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A deadly winter storm crawling up the East Coast clobbered the Northeast on Thursday with blinding blizzard conditions and coastal flooding, which snarled travel and left millions of Americans bracing for potential power failures.
Whiteout conditions were reported from New York City, where snow was falling at a rate of 1 to 2 inches per hour, to New England, where Providence, Rhode Island, was being buried under snow falling at 3 inches per hour.
Islip, New York, on Long Island, had gotten more than 13 inches by late Thursday afternoon, as had parts of New Hampshire.
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"This system means business. It's strong, it's tightly wrapped and it's riding up the coast," said Kait Parker, a meteorologist for The Weather Channel. "We still have a lot of snow to go."
The massive storm system is what forecasters have called a "bomb cyclone," because its rapid and rare drop in atmospheric pressure can send gusting as high as 60 mph in something like a winter hurricane.
"'Bombogenesis' is the technical term," Ryan Maue, the meteorologist who helped to popularize the term "polar vortex" in 2014, told The Associated Press. "'Bomb cyclone' is a shortened version of it, better for social media. The actual impacts aren't going to be a bomb at all. There's nothing exploding or detonating."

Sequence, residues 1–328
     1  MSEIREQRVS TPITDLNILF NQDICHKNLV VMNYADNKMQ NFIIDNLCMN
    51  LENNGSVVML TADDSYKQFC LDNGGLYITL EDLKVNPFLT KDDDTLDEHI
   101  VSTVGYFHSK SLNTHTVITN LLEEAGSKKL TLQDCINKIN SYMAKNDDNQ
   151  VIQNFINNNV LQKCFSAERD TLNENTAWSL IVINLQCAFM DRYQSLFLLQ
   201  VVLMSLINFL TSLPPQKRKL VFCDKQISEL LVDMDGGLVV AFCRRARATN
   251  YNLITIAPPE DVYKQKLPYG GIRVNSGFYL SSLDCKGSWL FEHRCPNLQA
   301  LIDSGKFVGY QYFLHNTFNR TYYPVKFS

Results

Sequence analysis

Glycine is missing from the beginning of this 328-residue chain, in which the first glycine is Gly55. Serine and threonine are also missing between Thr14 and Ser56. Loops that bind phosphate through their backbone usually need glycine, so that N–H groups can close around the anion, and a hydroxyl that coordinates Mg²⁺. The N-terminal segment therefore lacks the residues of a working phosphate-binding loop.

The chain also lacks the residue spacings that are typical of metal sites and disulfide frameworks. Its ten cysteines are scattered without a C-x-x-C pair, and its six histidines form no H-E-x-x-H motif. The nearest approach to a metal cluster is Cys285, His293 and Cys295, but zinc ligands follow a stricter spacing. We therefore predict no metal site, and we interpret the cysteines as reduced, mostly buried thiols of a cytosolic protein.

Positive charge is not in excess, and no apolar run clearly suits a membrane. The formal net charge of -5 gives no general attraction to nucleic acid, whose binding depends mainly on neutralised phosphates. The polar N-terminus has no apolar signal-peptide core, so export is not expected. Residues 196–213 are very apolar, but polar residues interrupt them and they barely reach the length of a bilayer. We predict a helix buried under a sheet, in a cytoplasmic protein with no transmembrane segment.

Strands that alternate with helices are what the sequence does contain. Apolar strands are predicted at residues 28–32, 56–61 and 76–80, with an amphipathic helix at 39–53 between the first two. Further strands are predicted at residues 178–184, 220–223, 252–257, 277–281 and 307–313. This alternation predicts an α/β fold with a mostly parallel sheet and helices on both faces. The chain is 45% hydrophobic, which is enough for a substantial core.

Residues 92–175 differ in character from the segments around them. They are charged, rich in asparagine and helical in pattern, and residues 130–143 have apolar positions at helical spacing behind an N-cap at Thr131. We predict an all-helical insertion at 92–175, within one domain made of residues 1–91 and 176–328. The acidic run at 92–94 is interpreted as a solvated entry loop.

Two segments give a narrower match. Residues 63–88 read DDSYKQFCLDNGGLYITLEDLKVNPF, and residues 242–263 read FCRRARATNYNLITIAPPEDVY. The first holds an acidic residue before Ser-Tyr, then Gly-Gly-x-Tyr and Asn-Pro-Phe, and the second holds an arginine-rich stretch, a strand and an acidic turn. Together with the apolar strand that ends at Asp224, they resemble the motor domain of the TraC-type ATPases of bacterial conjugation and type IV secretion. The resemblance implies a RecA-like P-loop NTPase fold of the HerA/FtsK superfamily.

As the storm system moved up the coast, the snow was beginning to lighten in New York City and areas west of town, the National Weather Service said. But it likely won't look that way to New Yorkers for several hours as winds gusting as high as 60 mph will continue to blow the snow sharply in blizzardlike conditions, Parker said.
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- At least five people were confirmed to have died: three in North Carolina and one each in Pennsylvania and Virginia.
Thousands of flights were canceled or delayed, according to FlightAware. Flights resumed Thursday afternoon at LaGuardia Airport in New York, and they were expected to resume later Thursday night at John F. Kennedy International Airport. In addition, Amtrak said it would operate a modified schedule between New York and Boston.
- Power failures were easing in the South, which the storm blanketed with an extremely rare winter storm. About 9,000 Georgia Power customers were without electricity, but most were expected to have been restored by 10 p.m. ET, the utility said. Almost all service had been restored in South Carolina early Thursday evening, and fewer than 3,000 Florida Power & Light customers remained in the dark. In North Carolina, about 5,000 customers remained without power, down from a peak of about 20,000.
At least five people were confirmed to have died as a result of the storm, which started in the Southeast and rapidly moved north.
Three died in North Carolina, where Gov. Roy Cooper said two people were killed when a truck ran off the road and overturned in a creek in Moore County and where authorities said a third person was killed when a vehicle crashed into a canal in Surf City.